A set of cotton and linen placemats woven with 8/4 Un-Mercerized Cotton and Duet Cotton/Linen. This rigid heddle pattern uses 2 pick-up sticks and warp floats to create a motif reminiscent of Swedish Huck Lace.
You can download an updated version of this pattern and purchase a kit here.
Designed by Christine Jablonski for GIST: Yarn & Fiber.
Need some help getting started? Check out Resources for Beginner and Intermediate Weavers.
*If you are weaving on a 15" loom and warping very close to the edges of your reed, be sure the warp threads do not slip off the edges of the paper as you are winding on to the back beam, which will cause tension issues.(See photo 1)
1. Warp the loom with Yarn A using your preferred method (direct or indirect) with a total of 172 warp ends, 3 yards long. Center for a weaving width of 14 3/8" and sley 1 end per hole and slot in a 12 dent heddle on a rigid heddle loom.
2. To pick up the floats:
3. Begin and end each placemat with 3 picks of tabby, then hemstitch in groups of 4 threads. Weave with Yarn B following the sequence below for approximately 17.5", ending on pick 7.
Leaving the heddle down after pick 7, and with pick-up stick A at the back beam, insert pick-up stick B in the front of pick-up stick A in a 2 down/2 up pattern(See photo 7) all the way across(See photo 8)
A note about selvedges: There will be floats on one side which is part of the pattern and will become less noticeable after washing.
4. Repeat these 12 picks for approximately 17.5", ending on pick 7. Finish the placemat with 2 picks of tabby, then hemstitch in groups of 4 threads. Weave with scrap yarn for approximately 2" between each placemat (to make room for fringe).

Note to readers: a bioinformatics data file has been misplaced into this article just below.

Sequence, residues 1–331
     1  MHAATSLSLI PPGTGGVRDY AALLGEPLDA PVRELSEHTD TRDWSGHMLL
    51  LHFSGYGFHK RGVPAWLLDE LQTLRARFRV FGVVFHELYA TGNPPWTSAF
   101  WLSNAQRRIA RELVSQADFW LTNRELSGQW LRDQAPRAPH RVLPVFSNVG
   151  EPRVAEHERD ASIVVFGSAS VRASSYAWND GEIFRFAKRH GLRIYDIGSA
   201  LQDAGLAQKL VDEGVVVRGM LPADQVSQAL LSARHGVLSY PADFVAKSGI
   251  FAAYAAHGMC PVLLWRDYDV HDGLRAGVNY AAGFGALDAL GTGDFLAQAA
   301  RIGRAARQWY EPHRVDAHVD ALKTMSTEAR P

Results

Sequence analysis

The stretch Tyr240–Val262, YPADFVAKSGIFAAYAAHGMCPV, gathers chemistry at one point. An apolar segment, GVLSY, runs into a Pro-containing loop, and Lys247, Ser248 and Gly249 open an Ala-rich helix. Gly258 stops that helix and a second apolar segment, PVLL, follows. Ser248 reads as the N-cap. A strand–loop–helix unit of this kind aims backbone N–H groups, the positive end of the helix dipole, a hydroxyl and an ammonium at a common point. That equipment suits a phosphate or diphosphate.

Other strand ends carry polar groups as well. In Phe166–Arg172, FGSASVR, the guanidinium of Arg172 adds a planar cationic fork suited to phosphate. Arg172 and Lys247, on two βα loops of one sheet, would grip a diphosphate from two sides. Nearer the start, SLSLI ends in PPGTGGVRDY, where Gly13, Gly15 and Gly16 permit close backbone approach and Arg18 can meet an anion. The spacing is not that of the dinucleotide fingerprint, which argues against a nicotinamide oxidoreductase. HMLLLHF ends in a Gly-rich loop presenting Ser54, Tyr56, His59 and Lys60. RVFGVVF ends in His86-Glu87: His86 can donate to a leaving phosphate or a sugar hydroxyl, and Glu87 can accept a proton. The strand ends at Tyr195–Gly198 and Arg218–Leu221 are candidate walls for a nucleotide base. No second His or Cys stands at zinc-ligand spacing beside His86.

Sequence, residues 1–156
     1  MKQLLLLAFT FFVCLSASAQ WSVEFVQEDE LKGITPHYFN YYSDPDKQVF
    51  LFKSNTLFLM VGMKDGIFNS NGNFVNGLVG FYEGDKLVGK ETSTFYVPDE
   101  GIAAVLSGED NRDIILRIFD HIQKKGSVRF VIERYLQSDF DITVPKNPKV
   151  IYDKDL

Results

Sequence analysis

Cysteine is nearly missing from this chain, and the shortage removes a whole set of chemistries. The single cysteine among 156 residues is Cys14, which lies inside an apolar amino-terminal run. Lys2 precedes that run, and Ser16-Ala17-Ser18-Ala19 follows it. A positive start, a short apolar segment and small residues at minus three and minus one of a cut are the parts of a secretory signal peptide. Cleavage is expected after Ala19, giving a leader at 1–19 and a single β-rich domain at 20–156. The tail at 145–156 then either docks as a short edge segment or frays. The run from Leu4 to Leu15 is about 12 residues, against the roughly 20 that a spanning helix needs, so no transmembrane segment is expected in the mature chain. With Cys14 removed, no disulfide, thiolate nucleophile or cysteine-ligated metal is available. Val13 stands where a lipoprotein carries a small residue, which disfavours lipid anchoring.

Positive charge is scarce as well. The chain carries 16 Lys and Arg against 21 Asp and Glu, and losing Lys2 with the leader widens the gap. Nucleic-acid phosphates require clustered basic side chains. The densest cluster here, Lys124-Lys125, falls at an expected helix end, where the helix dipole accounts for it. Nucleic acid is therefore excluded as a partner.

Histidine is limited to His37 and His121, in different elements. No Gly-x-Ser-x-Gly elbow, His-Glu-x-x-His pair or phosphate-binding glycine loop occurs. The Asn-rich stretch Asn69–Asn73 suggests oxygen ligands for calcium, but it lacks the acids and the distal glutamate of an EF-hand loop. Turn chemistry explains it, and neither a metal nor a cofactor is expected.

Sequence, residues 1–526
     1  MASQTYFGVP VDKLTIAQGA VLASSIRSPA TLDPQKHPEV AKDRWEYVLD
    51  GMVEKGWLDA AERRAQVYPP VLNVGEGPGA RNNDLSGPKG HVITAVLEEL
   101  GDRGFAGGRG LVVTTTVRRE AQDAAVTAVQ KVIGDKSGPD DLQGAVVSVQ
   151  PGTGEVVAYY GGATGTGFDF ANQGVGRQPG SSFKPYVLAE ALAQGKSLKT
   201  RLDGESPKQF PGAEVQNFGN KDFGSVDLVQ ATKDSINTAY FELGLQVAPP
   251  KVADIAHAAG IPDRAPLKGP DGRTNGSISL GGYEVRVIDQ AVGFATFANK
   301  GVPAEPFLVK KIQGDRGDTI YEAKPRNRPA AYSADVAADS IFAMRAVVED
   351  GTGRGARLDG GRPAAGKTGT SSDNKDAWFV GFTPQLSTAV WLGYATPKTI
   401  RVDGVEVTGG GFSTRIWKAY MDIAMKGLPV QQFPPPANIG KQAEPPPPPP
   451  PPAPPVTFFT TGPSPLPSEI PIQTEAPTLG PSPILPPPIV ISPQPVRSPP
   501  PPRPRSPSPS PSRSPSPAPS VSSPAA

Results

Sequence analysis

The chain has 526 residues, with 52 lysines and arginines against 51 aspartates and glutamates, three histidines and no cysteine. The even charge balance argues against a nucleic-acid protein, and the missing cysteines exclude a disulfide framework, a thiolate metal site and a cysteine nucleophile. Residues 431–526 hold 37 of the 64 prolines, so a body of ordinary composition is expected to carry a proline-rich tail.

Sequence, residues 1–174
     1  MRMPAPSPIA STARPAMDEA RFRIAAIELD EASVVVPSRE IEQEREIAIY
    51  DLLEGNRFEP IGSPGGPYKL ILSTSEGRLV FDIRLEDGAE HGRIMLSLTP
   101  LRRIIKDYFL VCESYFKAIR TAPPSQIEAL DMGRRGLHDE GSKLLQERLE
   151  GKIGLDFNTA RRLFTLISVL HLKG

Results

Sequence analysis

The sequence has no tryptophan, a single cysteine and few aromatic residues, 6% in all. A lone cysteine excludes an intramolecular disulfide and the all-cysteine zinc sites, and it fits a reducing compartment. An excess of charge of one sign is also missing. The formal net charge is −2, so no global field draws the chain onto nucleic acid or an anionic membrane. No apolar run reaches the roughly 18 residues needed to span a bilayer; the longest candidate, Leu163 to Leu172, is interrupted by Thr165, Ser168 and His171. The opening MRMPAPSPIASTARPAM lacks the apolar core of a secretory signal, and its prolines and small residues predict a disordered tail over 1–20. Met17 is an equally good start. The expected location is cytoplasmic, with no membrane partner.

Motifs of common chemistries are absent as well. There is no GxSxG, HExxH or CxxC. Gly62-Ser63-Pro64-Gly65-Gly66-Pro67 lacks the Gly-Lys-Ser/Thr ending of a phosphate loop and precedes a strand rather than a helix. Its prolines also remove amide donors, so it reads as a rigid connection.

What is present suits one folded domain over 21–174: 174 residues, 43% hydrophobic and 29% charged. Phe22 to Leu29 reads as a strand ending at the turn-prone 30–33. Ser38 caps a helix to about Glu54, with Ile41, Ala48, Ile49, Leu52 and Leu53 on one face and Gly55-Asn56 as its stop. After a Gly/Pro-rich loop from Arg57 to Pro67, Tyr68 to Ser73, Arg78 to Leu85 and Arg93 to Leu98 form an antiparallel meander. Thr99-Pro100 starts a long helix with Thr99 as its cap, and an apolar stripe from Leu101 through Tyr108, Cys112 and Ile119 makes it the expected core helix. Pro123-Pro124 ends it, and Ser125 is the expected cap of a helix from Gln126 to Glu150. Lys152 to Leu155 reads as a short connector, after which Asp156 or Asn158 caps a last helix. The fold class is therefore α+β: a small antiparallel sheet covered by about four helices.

5. Cut yardage off the loom and separate placemats by cutting down the center of the scrap yarn sections. Machine wash cold on delicate cycle, tumble dry low and press. Trim fringe to 1" on each side of the placemats.
In addition to being GIST's Operations Manager and Wholesale Director, Christine is a weaver and exhibiting fiber artist. She scampered down the rabbit hole of rigid heddle weaving several years ago as a way to use up her knitting stash and never looked back. In addition to very practical cloth woven to adorn home and body (tea towels are her favorite home linen projects to weave), Christine also weaves conceptual works that explore themes of mood and memory, strength and fragility, and often reflect on the current political and ecological landscape. Her work is held in private collections across the country and is shown regionally in New England galleries. To see more of Christine's work, check out her Instagram.